The old school of Chlorakas
Near the church of St. Nicholas and near the Community stadium of the village there is a primary school of Chloraka – high architectural art sample. For the villagers this building is not only an embellishment, but the sacred space for them, where they learned their first letters, and where they lived the best perhaps moments of their lives, regardless of whether the licking was a daily routine.
Before the English occupation (1878), there was no school in Chloraka, because the community was very small. In the early 20th century, students of Chloraka and Emba, because they were few, attended the same school, which was a simple room, and which worked sometimes in Chloraka and sometimes – in Emba. This school until 1930 was with a single teacher. Various spaces were used as school areas in Chloraka. The eldest people remember a small room of 100 meters below today’s LLP as a teaching room, but once also the space where the LLP is housed today. Also, as a teaching room, they sometimes used a room in the Byzantine church of the village. Similarly, we should mention that the auxiliary rooms of Christodoulou Azina, the former mayor of the village, were used as the girls’ school that operated from 1926 until 1934. In 1931 in this school 18 schoolgirls studied. The teacher of the girls’ school was some Eftychia from Ktima.
With the new village school, which opened in October 1931, the problem of renting rooms to be used as classrooms was solved. The construction of the new school was undertaken by the famous builder Georgios Chatzioudis. It consisted of two classrooms and a small teacher’s office. There was neither garden, nor lavatory. First president of the new school was Antonio Liasides, and the staff consisted of two teachers – Panagiotis Giagkopoulos, with annual salary of £ 85, and Solon Makoullis with annual salary of £ 70.
Schedule – Lessons:
The winter schedule began at 08:30 to 12:00 and in the afternoon – from 14:00 until 16:30. During the summer the lessons started from 08:00 until 12:00 and in the afternoon from 15:00 until 17:30. The church bell rang half an hour before the beginning of the course, both in the morning and in the afternoon. The children arrived at school mostly barefooted, with “palaska” (sackcloth schoolbag) on the shoulder, full of books. The old remember the plate, the slate pencil and sponge, which did not differ too much from similar, more antique stuff.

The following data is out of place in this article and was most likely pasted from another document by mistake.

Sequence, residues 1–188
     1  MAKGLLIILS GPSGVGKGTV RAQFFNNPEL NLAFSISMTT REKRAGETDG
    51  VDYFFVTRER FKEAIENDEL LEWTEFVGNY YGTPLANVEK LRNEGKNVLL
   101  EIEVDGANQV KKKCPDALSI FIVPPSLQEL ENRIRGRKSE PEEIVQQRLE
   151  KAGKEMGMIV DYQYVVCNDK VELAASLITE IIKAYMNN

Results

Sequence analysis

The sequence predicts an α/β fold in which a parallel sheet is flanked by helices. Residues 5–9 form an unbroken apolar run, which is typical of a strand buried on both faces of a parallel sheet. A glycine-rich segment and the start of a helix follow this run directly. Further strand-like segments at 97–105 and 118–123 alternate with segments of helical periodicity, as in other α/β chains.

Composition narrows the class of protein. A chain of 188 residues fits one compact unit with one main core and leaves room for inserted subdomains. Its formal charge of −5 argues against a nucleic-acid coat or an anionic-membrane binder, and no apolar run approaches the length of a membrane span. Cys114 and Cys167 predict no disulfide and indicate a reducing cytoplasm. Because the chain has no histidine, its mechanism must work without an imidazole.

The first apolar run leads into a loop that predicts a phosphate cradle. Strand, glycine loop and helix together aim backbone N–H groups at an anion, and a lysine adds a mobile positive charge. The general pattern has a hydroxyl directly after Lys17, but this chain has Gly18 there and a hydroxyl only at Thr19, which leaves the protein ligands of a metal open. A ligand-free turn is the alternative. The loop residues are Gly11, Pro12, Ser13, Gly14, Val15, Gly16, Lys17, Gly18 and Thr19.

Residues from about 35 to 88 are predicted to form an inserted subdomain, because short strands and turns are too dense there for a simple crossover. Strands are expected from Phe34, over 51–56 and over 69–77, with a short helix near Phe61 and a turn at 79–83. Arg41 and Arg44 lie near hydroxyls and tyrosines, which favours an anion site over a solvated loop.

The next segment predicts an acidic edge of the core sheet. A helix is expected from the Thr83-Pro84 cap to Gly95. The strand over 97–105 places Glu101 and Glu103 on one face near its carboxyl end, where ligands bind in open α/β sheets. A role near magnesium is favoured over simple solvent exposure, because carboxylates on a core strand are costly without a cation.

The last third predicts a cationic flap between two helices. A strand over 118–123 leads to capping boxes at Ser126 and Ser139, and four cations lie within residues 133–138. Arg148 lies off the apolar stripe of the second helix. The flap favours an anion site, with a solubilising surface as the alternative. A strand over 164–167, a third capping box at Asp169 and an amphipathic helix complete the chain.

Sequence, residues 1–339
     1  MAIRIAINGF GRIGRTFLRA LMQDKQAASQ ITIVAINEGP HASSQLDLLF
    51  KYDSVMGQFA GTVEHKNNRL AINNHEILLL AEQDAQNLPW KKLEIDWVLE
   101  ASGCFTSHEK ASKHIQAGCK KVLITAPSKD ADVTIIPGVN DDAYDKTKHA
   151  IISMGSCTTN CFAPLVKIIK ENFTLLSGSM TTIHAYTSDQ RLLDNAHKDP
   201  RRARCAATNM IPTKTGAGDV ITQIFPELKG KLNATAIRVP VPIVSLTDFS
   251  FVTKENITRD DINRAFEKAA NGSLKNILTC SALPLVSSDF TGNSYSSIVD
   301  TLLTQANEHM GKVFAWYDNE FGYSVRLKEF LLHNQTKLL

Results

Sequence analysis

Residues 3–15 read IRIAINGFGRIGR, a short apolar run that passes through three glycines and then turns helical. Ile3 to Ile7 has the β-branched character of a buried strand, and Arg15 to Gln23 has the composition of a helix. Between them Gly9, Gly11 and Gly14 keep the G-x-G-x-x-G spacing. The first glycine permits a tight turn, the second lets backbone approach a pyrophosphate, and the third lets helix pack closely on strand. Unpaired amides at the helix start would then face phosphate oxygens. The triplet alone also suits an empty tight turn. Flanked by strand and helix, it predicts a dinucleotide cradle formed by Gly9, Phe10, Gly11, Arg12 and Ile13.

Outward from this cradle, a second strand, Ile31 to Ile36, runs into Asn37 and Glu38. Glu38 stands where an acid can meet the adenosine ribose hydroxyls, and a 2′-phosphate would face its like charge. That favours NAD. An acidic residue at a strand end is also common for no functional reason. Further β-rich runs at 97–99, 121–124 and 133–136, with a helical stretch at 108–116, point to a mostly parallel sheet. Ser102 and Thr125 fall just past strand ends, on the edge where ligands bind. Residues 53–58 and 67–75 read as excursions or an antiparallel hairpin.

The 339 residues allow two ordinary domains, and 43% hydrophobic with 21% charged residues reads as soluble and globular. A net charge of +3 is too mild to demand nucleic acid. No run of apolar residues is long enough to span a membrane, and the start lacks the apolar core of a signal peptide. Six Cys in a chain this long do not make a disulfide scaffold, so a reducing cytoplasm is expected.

In 1898 the first curriculum was developed, which included the following courses: Religion, Arithmetic, Language, Physics, History, Geography, Art, Calligraphy and Gymnastics. The boys were also taught gardening, while girls were taught how to treat silkworm (silk-weaving). Also, during the school year of 1919-20 the elementary school had some beehives, and so the boys were taught beekeeping during the afternoon hours. The attendance during the months of harvesting was not so regular, as parents needed their children in the fields. Also, attendance was not regular during the school year of 1915-16, because many schoolchildren suffered from the epidemic disease of ophthalmia.
In 1935 the curriculum was revised. The calligraphy lesson was abolished, while the Music, Hygiene, Household Economics and English language courses were added. The curriculum was revised again during the transitional period of 1959-1960.